Perspectives from ISB

Just like in any sport, gymnasts need a place to train. However, these places require a monthly payment for training, competing and much more.

For MaJe Lee, University of Utah gymnast Kari Lee’s mother, instead of writing that check every month for her five kids, it made more sense just to run a gym herself. But it wasn’t without difficulty.

For over 11 years, the Flames Gymnastics Academy has been a major part of MaJe and her family’s life. For Kari, it’s the gym she trained at for most of her career — and she has been a part of it since her parents took over the gym.

Owning a business can be tricky though, and many business owners can’t make it. Taking the core business classes for her major at the U has opened Kari’s eyes to different elements of the business world, and it has taught her how to run a business successfully.

“Stuff like that with technology and everything, it can make things a lot better,” Kari said. “Also with how recruiting has been so huge in gymnastics — they start recruiting at a young age — technology helps put videos together, so doing stuff like that for the younger generation is a big thing.”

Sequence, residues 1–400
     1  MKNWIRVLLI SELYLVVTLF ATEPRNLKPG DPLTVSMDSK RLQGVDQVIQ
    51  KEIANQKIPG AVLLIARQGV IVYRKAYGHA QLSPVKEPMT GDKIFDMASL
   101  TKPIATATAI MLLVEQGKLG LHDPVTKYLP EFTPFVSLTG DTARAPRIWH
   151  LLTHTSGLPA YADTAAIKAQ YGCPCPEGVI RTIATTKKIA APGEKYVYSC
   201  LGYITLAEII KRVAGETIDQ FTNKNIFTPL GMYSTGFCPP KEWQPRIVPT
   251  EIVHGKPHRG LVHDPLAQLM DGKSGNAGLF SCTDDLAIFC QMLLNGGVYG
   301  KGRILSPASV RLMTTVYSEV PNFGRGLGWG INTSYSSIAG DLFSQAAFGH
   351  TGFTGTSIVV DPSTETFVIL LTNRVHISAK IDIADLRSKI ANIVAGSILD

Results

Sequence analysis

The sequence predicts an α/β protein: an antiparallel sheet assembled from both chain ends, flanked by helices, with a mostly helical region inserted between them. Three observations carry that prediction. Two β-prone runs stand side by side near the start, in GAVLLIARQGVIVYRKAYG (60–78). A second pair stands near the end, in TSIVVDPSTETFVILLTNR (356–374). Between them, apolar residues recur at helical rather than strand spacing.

Kari hopes that one day she can take her parents’ place in running the gym herself. Right now, Kari’s oldest brother runs the second gym they opened a few years ago, her second brother is an assistant coach to her long-time coach and her sister is the women’s coach.

“I definitely have that in my future, hopefully,” Kari said. “I’m getting my degree in business and communication, so I’m trying to learn about the business side of things so I can help bring new things to the table when I go back.”

MaJe’s goal for the gym is to train, progress and get athletes ready for competition. According to MaJe, some people didn’t like that, because they didn’t want their kids to be Olympians, but her philosophy is if they are going to do it, they are going do it right.

Source: White, Emilee, February 8, 2017,